As if over night, the inflorescences of Tellima grandiflora in the back garden have shot up and flower buds are starting to swell. Just a few weeks ago they were only rosettes. Hopefully, the Siberian Irises growing with them will catch up and bloom with the Tellimas like they did last year, but I feel like last year was an off year for everyone. Hm, maybe I should name this the “Vertical Bed”, since I just realized this bed is all vertical interest.

My how they have grown! I love they young coiled flowering stems.

My how they have grown! I love they young nodding flowering stems.

Detail of the swelling buds.

Detail of the swelling buds.

The Tiarella trifoliata is also thinking about blooming and not to mention the Saxifraga x urbium too. Wow, I have a lot of representatives from the family Saxifragaceae. Scratch the “Vertical Bed”, it should be named the “Saxifrage Bed”.

Tiarella trifoliata is the epitome of woodland.

Tiarella trifoliata is the epitome of woodland.

Saxifraga x urbium is also known as London Pride. When it blooms a cloud of airy star flowers hover high above that glossy green foliage.

Saxifraga x urbium is also known as London Pride. When it blooms a cloud of airy star flowers hover high above that glossy green foliage.

Seriously, that’s a lot of vertical and a lot of Saxifrage.

Seriously.

Seriously.

Oh wait, another Saxifrage that is sending up inflorescences is Mitella ovalis. I got this one and another, Mitella pentandra, from Botanica at the Saturday U-District Farmers Market. These native plants can be found growing in mossy, wet forests and their crazy, though small, flowers have distinctive antenna-like petals. As some would say, “A flower only a botanist can love.” These diminutive flowers are always welcome in my garden. (I’m a botanist, can you tell?)

Mitella ovalis sending up flowering shoots. It's only 4.5 inches tall.

Mitella ovalis sending up flowering shoots. It’s only 4.5 inches tall.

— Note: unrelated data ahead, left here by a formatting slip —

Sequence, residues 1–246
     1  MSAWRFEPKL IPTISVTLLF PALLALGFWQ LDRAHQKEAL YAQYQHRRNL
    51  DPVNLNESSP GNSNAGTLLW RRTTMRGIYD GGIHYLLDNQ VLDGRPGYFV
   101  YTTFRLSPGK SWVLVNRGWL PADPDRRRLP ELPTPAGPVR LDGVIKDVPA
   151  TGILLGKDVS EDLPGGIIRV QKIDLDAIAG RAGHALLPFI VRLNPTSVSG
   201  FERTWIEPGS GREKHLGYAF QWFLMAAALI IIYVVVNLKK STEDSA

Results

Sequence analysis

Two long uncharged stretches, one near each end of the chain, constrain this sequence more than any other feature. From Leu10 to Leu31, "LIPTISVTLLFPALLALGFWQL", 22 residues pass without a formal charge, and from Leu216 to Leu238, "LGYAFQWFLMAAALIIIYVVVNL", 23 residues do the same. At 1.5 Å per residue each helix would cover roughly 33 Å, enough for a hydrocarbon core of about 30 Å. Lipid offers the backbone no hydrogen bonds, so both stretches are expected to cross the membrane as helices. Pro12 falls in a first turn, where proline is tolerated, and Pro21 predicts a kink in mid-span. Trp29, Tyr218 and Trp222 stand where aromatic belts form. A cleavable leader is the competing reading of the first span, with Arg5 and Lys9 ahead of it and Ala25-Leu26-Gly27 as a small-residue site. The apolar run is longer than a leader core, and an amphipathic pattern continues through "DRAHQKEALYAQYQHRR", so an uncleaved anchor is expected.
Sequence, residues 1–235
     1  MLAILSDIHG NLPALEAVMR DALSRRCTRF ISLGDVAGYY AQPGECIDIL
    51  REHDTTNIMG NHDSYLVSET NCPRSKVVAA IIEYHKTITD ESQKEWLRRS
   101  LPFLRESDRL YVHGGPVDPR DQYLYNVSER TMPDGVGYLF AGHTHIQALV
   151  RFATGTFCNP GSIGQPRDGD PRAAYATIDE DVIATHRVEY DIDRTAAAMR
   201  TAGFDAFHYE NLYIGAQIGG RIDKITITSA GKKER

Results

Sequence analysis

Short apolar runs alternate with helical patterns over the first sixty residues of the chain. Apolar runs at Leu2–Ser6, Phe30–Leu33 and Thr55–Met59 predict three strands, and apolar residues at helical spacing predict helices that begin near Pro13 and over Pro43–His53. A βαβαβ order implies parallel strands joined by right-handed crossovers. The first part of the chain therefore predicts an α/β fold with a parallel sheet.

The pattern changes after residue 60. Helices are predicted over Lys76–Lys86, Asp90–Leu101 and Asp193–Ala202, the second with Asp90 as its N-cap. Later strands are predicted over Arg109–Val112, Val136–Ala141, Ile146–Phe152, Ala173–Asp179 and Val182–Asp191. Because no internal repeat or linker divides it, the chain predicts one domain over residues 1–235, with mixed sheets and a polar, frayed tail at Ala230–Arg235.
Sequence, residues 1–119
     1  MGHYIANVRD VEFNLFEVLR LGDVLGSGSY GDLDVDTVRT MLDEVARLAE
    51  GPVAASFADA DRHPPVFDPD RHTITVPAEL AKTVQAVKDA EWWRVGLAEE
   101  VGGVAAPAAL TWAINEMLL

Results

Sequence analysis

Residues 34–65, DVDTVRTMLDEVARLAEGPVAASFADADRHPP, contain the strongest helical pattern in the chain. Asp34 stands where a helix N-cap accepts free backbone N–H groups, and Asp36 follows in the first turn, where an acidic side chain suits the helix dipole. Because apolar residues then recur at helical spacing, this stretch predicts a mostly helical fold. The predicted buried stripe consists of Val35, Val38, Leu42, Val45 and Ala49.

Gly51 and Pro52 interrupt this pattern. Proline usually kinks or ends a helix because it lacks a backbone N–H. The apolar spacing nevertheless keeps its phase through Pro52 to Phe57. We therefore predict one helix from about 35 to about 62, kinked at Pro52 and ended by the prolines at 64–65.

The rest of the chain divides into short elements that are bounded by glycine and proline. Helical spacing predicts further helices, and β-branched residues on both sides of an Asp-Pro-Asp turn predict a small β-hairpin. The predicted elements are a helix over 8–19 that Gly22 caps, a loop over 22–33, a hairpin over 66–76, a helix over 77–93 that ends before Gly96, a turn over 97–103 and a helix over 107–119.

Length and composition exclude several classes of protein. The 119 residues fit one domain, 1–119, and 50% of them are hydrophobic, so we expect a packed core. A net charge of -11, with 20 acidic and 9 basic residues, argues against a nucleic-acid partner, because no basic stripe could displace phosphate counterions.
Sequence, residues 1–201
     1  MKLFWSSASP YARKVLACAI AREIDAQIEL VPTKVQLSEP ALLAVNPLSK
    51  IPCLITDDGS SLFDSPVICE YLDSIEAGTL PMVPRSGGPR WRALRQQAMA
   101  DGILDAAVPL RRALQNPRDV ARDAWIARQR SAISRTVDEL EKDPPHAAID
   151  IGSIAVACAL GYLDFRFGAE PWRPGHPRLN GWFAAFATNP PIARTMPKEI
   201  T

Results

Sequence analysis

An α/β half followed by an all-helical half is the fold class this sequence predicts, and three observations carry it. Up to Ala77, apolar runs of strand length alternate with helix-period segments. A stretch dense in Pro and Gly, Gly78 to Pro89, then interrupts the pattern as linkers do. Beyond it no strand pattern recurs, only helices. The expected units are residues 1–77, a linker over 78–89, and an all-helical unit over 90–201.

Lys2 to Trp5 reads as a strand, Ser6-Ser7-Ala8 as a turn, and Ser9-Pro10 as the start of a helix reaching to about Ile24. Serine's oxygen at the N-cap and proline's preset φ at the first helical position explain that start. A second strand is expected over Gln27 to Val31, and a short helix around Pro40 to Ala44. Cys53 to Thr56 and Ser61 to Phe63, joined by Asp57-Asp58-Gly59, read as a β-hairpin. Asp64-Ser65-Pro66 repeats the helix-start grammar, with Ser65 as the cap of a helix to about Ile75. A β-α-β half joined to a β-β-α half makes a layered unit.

Oh and speaking of native, all the Camas are sending up their spikes now and even the Mertensia has tripled in size!

Look at all that lushness!

Look at all that lushness!

I can't wait for those blue start flowers too!

I can’t wait for those blue start flowers too!

Mertensia bella just a few weeks away from blooming.

Mertensia bella just a few weeks away from blooming.

Ready for a flashback? Look who is still blooming:

I just can't get enough of it's hot orangey-red color and its fresh, sweet scent!

I just can’t get enough of it’s hot orangey-red color and its fresh, sweet scent!

Viola 'Duchesse de Parme' has been blooming since November!

Viola ‘Duchesse de Parme’ has been reigning since November!

Edgeworthia chrysantha ‘Akabana’ and Viola ‘Duchesse de Parme’! Can you believe it? They both have come a really long way and with such bloominocity! I feel like the mild winter had to do with a part of their fervor, but I am still in awe!

This is an older blossom, but look how full they can get! Plus they have that elusive sort of ripe-cherry-esque fragrance.

This is an older blossom, but look how full they get! Plus I can’t resist that elusive sort of ripe-cherry-esque fragrance.

With each passing day new plants pop up, and everything grows faster and faster – I just can’t keep up! I am going to have to make Bloominocity a trilogy, otherwise this post would never end. Now I must take advantage of this sun break! See you all in Part III!

Advertisements

March Forth into Spring

13 Mar

Violas

I’ve always loved March*. March is the time of rebirth and new beginnings. It’s a time when dormant plants and animals begin to stir and life takes on a miraculous transformation. March is when winter relaxes its icy grip, and spring stretches its warm embrace. What better place to witness this transition than in the garden?

Bergenia 'Bressingham White' fully budded and still showing its winter blush.

Bergenia ‘Bressingham White’ fully budded and still showing its winter blush.

The warmer temperatures and lengthening days are coaxing many of the plants out of bed. Bergenia, also known by it’s common name ‘Pig Squeak’, are tough evergreen perennials native to central Asia. Bergenias bloom right on the cusp of spring, though they are grown more for their foliage than their fluffy blossoms. They were in the height of their popularity during the Victorian Era, but like all things that were once in vogue they receded into the background. Unfortunately it’s now a victim of the ‘ it’s-too-common-it’s-boring’ mentality. I have to confess I was the same way until I saw a well grown specimen that changed my mind.

Edgeworthia chrysantha 'Akabana' in full bloom.

Edgeworthia chrysantha ‘Akabana’ in full bloom.

The Edgeworthia is in full bloom now and as I hoped the flower colors are deeper than the first ones a few weeks ago. Every few years Mother Nature reminds us to not get too comfortable by giving us a real diva cold snap causing tender blossoms to shatter and (sometimes) knocking the plant to the ground. Hopefully no surprise snaps are in store for us, but in the meantime I’ll keep my fingers crossed just in case and enjoy its orangey-coral blooms.

A close up of Edgeworthia chrysantha 'Akabana' flowers in full bloom.

I love that rich orange-coral against the silver downy hairs.